I Tried, But It Died: Adventures in Summer Gardening

Saturday, November 07, 2015

oh so smilynn: I Tried, But It Died: Adventures in Summer Gardening

You can usually learn what my latest phases are with a quick glance at my Pinterest page. Once you get through all the adorable dog pictures (which is NOT just a phase... the dog culture is a way of life) my latest pins always reveal the trips I'm planning, the meals I wish I could cook and the crafts I plan to attempt.

This summer, as Pinterest would show, the big phase was gardening.

The desire to exercise my green thumb all started with a beautiful little flower my dear husband purchased for me. On the rare occasion that I will voluntarily venture into a grocery store, I first spend a few minutes admiring the latest arrangements in the floral section. And on the even rarer occasion that I will venture into a grocery store with Ben (I learned early in our relationship that grocery shopping is not an activity we should share together, for the benefit of my sanity and his safety, but that's another story entirely), I drop hints about how much I love getting flowers. On one of those rare summer grocery trips we made together, he offered to buy me the flowers of my choosing, and after carefully considering the options, I decided against cut flowers and instead picked a flower with an attractive deep pink bloom and several more buds preparing to open.

oh so smilynn: I Tried, But It Died: Adventures in Summer Gardening

It was the beginning of summer and I was feeling adventurous. Why couldn't I nurture this pretty little flower? So what if I've killed nearly every other potted plant Ben has purchased for me over the course of our relationship? People can change!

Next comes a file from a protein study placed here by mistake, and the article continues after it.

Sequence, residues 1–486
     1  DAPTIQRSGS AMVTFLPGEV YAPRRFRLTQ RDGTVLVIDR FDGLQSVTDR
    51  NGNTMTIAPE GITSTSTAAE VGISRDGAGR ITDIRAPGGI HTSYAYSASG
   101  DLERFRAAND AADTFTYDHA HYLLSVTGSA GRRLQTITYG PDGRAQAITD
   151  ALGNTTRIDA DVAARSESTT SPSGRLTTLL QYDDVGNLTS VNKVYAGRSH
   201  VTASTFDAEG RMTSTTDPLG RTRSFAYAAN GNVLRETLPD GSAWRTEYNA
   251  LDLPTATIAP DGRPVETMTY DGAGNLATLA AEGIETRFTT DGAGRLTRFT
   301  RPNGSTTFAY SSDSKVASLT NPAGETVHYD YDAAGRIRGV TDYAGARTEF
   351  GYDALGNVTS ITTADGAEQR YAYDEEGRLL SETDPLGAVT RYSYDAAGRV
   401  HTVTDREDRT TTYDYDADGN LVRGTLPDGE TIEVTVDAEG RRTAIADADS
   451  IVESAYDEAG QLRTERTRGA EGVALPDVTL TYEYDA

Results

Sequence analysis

At the time, Ben was also in the process of building three raised garden beds in our backyard, and we had already decided that one would be devoted to my flowers. I was committed to trying my hand at gardening, and this flower was my gateway into that hobby.

I checked the tag on this new living thing entrusted to my care and the name was one I had never heard of before: dahlia. During the car ride from the store to home, I Googled dahlias and was dazzled by all the gorgeous photos. I decided that my flower bed was going showcase dahlias because this flower I had never heard of before was now one of my favorites.

After many, many trips to Lowe's, Home Depot and Menards, I acquired all the perfect, dreamy dahlias I needed for my flower bed. With each new trip, I discovered a different colored dahlia that I hadn't seen yet, and of course, I had to have one in every color!

oh so smilynn: I Tried, But It Died: Adventures in Summer Gardening

I also discovered that I liked gerbera daisies... and riegier begonias... and lantana... and various other little annual flowers that come in those 6-pack plastic containers. I ended up with more plants than I had room for in the flower bed, so I decided my new love of gardening should not be contained to just one flower bed; I would line our patio and porch with flower pots and our landscaping would become a beautiful explosion of summer color!